13.09.2021

JLG 670SJ self-leveling in production

After years of development, the 67ft JLG 670SJ self-leveling boom lift has finally reached the production stage.

Launched in its most recent format at Conexpo last March, the machine demonstrated has now gone into production, largely unchanged although initially it will only be available in North America. In addition to its dynamic leveling on the move, the new model offers a working height of 22.3 metres, a maximum outreach of 17.5 metres with the unrestricted platform capacity of 250kg, or just over 15 metres with the 340kg maximum capacity.
The new JLG 670SJ self-leveling boom lift

Overall width is 2.5 metres, with an overall length of 10.7 metres and a height of up to 2.77 metres, which can be lowered to 2.22 metres for transport. Ground clearance is 330mm and the machine has an all up weight of 11.5 tonnes. The new model incorporates a patented dynamic self-leveling technology that automatically adapts to slopes of up to 10 degrees in any direction while driving at full height. Each wheel is mounted on an independent control arm, constantly adjusted by hydraulic cylinders that keep the base machine level. It also has two other operating modes, one to allow manual leveling and another to lower the overall height for travel on steeper slopes and transport.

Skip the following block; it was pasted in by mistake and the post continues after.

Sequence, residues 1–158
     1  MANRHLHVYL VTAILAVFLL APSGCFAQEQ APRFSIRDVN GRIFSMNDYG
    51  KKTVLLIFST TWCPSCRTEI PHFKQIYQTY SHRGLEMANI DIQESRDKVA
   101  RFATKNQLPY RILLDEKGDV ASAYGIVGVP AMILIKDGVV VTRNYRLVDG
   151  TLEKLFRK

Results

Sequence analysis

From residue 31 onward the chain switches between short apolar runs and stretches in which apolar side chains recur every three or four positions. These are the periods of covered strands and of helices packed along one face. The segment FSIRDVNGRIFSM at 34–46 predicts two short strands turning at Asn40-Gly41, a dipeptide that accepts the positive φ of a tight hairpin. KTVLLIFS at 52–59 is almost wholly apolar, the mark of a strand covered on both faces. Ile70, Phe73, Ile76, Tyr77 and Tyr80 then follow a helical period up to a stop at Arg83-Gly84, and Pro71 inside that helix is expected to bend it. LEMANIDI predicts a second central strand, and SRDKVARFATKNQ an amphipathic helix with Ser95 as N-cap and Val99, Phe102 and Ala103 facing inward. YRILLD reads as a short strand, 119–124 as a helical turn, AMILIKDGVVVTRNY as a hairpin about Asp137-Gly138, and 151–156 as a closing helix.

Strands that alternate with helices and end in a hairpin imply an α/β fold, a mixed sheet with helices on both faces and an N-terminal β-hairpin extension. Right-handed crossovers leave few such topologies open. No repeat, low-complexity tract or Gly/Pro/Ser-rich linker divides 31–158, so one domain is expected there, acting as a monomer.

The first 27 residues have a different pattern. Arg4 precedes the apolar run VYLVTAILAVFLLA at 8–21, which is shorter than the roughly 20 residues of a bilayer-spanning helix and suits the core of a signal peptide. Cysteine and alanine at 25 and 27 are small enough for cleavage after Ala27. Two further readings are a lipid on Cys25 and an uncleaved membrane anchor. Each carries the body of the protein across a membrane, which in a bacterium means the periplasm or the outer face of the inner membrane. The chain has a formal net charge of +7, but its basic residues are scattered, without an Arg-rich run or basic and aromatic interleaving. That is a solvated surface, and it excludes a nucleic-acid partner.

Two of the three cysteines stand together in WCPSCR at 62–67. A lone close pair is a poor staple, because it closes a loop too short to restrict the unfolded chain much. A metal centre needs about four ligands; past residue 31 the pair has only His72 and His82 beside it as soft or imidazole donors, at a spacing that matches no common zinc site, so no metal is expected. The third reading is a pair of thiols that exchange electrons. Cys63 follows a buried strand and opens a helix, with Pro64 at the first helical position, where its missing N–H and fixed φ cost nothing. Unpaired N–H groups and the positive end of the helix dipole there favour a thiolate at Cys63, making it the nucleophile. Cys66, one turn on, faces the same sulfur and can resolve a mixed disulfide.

The ‘advanced control system’ continuously receives data from a range of sensors and displays the information on a digital screen in the platform, allowing the operator to see what is going on at ground level while they are at height.

Nate Hoover of JLG said: “Advanced doesn’t mean complex when it comes to the 670SJ. While we’ve upgraded the display, the controls are similar to standard JLG booms, minimising the learning curve.”

To see a more interactive view of the new machine click here.

Vertikal Comment

This is the culmination of more than five year’s work, with the first concept shown at Conexpo 2017. The design has changed substantially since then, not least of which include the move to independent wheel suspension. It will be interesting to see how well it goes, and if and when it makes it to Europe.

The key factor will be price and complexity over rental rate. Will contractors like it enough to pay what might be considerably more. Many rental companies are likely to choose lower prices and simplicity, rather than trying to sell the concept to contractors who are constantly pushing for lower rates.

Regardless of this it is good to see this concept finally make it into production. And nice to see truly innovative new concept make it into the market.

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